Replacing Brake Calipers & Hoses Questions - GM Forum - Buick, Cadillac, Chev, Olds, GMC & Pontiac chat


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Old 06-20-2010, 03:37 AM   #1
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Default Replacing Brake Calipers & Hoses Questions

Hi,

Questions are for a 99 SSEi.

One of my calipers is seized (wont retract) so I am replacing both sides calipers, pads, and front brake hoses. I have done brake pad replacement in the past, and other stuff like wheel hub replacement. However I have never replaced calipers and hoses so I have some questions:
  1. What size flare nut wrench do I need to buy to loosen the brake hose from the brake line?
  2. Do I need to bleed all four corners, or just the fronts? (I also bought new wheel cylinders, drums and shoes, but I think I will leave that for another day).
  3. Will buying a $5 one-man brake bleeder kit be sufficient (No one to help me). Or do I need special procedure to bleed this car'* brakes?
  4. What are the torque specs for the banjo bolt?
  5. What is the minimum thickness for the rotor?
  6. Any other things for me to watch out for?

thanks very much for any help.
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Old 06-20-2010, 04:40 PM   #2
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I don't recall the wrench size, but 10mm or 13mm should about right.

The manual says 33 foot pounds for the inlet bolt.

A 1 man bleeder should be fine. Kind of hard to tighten the bleeder and hold the brake down at the same time.

The minimum thickness should be on the rotor. If your feeling any pulsing I suggest just replacing the rotors with new, they only cost about $35
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Old 06-21-2010, 03:37 AM   #3
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Default Tech 1 tool required for bleeding??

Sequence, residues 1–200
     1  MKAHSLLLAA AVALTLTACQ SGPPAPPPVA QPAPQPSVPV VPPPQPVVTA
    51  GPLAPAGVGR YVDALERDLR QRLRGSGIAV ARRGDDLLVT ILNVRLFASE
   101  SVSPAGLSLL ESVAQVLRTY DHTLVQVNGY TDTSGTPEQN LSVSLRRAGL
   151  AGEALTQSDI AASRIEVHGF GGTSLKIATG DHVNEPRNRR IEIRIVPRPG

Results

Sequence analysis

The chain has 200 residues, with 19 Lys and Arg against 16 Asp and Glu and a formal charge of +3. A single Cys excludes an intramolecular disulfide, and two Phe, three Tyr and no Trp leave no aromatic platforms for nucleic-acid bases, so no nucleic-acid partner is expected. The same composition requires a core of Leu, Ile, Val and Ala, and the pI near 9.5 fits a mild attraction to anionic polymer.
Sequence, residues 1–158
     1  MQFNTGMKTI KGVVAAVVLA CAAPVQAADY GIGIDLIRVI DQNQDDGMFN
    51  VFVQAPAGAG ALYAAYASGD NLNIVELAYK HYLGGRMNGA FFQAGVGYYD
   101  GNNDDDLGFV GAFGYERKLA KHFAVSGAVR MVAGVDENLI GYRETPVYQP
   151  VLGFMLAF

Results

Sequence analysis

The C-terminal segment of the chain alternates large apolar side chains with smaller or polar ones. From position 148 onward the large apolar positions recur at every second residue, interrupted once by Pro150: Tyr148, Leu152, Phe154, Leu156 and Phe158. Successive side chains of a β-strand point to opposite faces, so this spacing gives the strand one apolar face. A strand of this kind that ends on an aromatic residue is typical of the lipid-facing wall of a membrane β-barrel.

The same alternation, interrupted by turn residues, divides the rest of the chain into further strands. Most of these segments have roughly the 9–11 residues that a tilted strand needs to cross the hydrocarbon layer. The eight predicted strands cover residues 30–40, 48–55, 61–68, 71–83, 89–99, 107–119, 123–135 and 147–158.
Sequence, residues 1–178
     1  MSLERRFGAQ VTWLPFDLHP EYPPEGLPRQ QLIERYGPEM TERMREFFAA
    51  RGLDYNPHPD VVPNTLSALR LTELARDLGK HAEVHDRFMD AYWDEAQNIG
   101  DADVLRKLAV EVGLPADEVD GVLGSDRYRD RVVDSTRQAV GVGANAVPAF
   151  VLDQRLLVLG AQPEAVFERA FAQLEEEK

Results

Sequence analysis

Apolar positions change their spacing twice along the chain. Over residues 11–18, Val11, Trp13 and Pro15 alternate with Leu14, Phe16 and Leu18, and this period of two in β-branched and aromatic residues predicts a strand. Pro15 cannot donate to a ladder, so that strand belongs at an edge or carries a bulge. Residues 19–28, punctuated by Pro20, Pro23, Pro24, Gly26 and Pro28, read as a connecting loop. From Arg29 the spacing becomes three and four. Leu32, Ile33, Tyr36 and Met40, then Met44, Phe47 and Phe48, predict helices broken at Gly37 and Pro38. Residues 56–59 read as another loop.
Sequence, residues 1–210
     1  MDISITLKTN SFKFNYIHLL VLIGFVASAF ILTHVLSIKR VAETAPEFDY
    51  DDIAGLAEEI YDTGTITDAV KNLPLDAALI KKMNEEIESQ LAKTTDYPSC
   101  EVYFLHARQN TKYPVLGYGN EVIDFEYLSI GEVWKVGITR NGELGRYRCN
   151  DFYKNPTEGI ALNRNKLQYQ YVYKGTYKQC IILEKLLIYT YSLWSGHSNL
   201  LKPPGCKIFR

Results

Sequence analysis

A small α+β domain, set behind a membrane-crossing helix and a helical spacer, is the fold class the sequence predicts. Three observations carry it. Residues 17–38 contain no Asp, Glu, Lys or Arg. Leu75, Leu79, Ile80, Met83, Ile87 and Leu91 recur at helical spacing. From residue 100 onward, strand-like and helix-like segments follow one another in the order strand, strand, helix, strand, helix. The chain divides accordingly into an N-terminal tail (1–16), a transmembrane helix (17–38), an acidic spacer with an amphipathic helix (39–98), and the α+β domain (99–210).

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Originally Posted by Danthurs View Post
A 1 man bleeder should be fine. Kind of hard to tighten the bleeder and hold the brake down at the same time.

The minimum thickness should be on the rotor. If your feeling any pulsing I suggest just replacing the rotors with new, they only cost about $35
thanks for the tips

The chilton manual states: " However, for 1994-99 vehicles with ABS, after bleeding the brake system you must perform an "Auto Bleed" sequence, using a Tech 1 or equivalent scan tool. If you do not have access to a suitable scan tool, your vehicle will probably have to be towed to a shop with the proper diagnostic equipment to have the procedure performed."

Since I am replacing the brake hoses at the line connection, will a lot of air enter the lines so that simple one-man bleeding wont be enough, and then I would need to go to the dealer?
(just worried since I live on a hill and I would need brakes to get to the dealer )

Just thinking... Is there a way to trigger the abs without the tool? I know sometimes when I start my car the abs cycles for a sec, but I dont know how often it does it.

Re: rotors, I remembered I replaced the rotors on my last pad change. They should be good.

thanks
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Old 06-21-2010, 08:17 AM   #4
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99% of the time you'll never have to bleed the ABS the way mentioned. A one man bleeder tool is all I use.

Personally, I'd do the wheel cylinders at the same time and that way you have fresh brake fluid to all wheels. And I'd consider spending the additional $5 on the self bleeders. They are basically bleeders with a check ball and make self bleeding even easier than the little sucker pump you picked up.
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